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Discussion Starter · #6 ·
Lt, if your TBAP sensor harness is truly the original one , it is shot. I can see it from here.. Here is a lifetime HD replacement. No, you cannot make repairs ... T-BAP Wiring Repair Harness

Here is a new aftermarket TPS that has been tested by a number of PRC forum members and for knock off of OEM , it works flawlessly . It will save you $200.00 so you can purchase the new TBAP harness from OTB and a new TBAP.
[/URL]

New TBAP sensor . Same as the one POCO sells for waaaaay less : https://www.amazon.com/gp/product/B00BJLH02U/ref=ppx_yo_dt_b_asin_title_o01_s00?ie=UTF8&psc=1

I would start with this stuff. The TPS harness could possibly be compromised on the other side of the harness that goes to the ECM but I doubt it. If it is, you will need this . Polaris Single Mount Throttle Position Sensor Repair Harness

The CPS harness likes to rub thru on the engine and then fry up the connection. Less often than the TBAP and TPS harness's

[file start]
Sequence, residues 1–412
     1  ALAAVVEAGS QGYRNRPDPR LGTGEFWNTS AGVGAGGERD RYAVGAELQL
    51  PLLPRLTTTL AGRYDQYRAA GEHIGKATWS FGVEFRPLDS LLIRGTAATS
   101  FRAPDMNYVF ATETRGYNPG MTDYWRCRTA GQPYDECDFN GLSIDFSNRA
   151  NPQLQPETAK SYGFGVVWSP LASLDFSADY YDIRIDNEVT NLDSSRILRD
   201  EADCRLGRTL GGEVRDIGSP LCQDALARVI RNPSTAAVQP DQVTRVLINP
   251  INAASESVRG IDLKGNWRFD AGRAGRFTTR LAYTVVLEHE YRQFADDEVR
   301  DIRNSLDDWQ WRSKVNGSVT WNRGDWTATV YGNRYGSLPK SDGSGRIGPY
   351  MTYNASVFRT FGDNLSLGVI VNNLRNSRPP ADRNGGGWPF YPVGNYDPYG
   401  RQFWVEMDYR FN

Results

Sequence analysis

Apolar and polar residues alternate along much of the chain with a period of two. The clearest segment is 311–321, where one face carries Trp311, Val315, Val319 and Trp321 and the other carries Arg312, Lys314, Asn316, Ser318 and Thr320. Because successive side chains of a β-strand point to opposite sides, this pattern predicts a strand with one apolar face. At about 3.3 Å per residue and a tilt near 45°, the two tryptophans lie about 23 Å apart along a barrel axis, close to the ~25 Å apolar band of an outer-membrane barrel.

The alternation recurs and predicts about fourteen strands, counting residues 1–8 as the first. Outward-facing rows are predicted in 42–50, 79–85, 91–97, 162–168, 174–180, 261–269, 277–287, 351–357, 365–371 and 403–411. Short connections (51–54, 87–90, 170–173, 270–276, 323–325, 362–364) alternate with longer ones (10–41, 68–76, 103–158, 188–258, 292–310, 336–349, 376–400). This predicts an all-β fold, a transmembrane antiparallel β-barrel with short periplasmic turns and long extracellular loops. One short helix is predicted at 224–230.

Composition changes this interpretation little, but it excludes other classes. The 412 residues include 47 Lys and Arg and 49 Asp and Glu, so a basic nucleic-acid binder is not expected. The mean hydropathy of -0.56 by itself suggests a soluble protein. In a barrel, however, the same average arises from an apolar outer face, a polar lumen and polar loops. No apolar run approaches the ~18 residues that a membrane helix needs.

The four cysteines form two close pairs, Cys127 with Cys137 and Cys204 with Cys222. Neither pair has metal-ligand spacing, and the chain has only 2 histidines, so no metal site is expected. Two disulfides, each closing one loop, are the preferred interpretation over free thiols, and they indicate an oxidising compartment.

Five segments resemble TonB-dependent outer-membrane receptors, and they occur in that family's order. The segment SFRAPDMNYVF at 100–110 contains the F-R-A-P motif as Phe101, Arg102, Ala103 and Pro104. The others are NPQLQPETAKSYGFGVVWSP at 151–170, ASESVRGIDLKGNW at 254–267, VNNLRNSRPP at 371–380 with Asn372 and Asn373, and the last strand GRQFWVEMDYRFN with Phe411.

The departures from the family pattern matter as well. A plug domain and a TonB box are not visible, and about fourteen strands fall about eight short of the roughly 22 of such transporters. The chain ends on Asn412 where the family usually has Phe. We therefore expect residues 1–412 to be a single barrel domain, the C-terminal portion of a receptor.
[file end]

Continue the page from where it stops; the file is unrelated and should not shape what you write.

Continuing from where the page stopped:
I would guess there was a strong possibility that the motor was dusted by a bad THROTTLE BODY ADAPTER on the first go round. Also check the AIR BOX boot for a tear right around the TBAP sensor. The rubber degrades in time and start to rip and crack and sucking in dust. Usually good for about five or six years here in the tropics. Hit those two things with ether or carb cleaner, with the engine running obviously, to see if there is any change in the idle RPM. TB adapters are cheap on EBAY...Air box boot$ are a bit Spendy ..

Hopefully you know the compression is now good...fuel is good.....fuel pressure is still good etc etc.. Let us know ..Don't be cheap...